Malaysia has been placed among the top 20 countries which have done well in managing the Covid-19 pandemic, according to a recent study in Australia.
Lowy Institute, a policy research think tank based in Sydney, compared publicly available and comparable data on the virus from some 100 countries, with Malaysia ranked 16th ahead of Finland, Norway and South Korea, the latter of which had earned praise for battling the virus at the initial stage.
There was no prize for guessing which country topped the list.
New Zealand, which scored 94.4%, has earned global praise for its handling of the pandemic, with only 25 deaths and fewer than 2,000 confirmed cases in a population of five million.
Among the Southeast Asian nations, Malaysia scored 71% while Singapore ranked three places above with 74.9%.
Vietnam came out top in the region and second globally, behind New Zealand with a score of 90.8%.
Another Asean country which made it to the top five was Thailand, ranked fourth in the world with a score of 84.2%.
Indonesia, which was placed at the bottom half of the list, scored a lowly 24.7%, joining other large countries.
Brazil was ranked the worst at 4.3%.
The US, ranked at number 94, appeared to be the only developed nation placed in the bottom 10 of the list, among countries such as Panama, Bolivia, Colombia, Mexico and Iran.
China, where the deadly pandemic was first detected, was excluded from the ranking due to a lack of publicly available data on testing.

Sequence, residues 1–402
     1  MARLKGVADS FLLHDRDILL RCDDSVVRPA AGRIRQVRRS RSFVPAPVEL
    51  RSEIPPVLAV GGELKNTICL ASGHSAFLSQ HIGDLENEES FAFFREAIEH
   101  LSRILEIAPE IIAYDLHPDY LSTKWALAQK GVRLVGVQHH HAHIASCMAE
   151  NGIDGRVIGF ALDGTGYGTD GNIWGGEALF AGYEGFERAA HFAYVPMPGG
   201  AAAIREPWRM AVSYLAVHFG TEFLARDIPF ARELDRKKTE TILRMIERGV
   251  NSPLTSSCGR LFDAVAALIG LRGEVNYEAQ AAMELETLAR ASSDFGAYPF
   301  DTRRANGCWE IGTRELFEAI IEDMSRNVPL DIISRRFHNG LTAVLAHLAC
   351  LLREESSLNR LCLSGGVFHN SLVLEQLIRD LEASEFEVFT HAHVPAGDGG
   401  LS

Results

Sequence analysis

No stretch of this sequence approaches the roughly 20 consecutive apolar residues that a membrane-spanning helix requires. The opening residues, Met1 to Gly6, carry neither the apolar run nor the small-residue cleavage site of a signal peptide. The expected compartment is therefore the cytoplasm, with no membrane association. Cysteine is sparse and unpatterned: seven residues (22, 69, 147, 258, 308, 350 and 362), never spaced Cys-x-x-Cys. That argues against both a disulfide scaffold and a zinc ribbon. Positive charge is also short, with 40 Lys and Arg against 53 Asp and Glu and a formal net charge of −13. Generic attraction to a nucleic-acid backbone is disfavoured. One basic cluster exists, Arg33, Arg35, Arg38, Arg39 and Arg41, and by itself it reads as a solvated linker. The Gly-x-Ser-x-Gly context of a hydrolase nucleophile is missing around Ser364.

The countries were evaluated based on the number of cases, deaths, cases per million people, deaths per million people, confirmed cases as a proportion of tests, and tests per thousand people.
Lowy Institute however said no single country could be regarded as the winner during the 36-weeks exercise.
“Some countries have managed the pandemic better than others – but most countries outcompeted each other only by degrees of underperformance. The severity of the pandemic in many countries has also changed significantly over time, with infections surging again in many places that had apparent success in suppressing initial outbreaks,” the study said.
It said while rich countries had more resources to fight the pandemic, many developing countries were able to cope with the initial outbreak better than advanced nations. However, these developing countries lost their lead by the end of 2020 with a resurgence in infections.
Malaysia’s Covid-19 infections took a turn for the worse in the aftermath of the Sabah election in September last year, triggering a third wave which forced health officials to warn of a crisis in public hospitals.
Earlier this month, Putrajaya brought back the movement control order in large parts of the country, coupled with a state of emergency aimed at giving authorities wider powers to fight the pandemic which has claimed more than 700 lives.
Lowy Institute said governments in developing countries had a greater sense of urgency to put in place preventative measures.
It said technology is not a critical factor in taking preventive measures, such as lockdowns and SOPs such as face masks and temperature checks.
“The relatively ‘low-tech’ nature of the health measures used to mitigate the spread of the virus to date, including large-scale lockdowns, may have created a more level playing field between developed and developing countries in the management of Covid-19,” it added.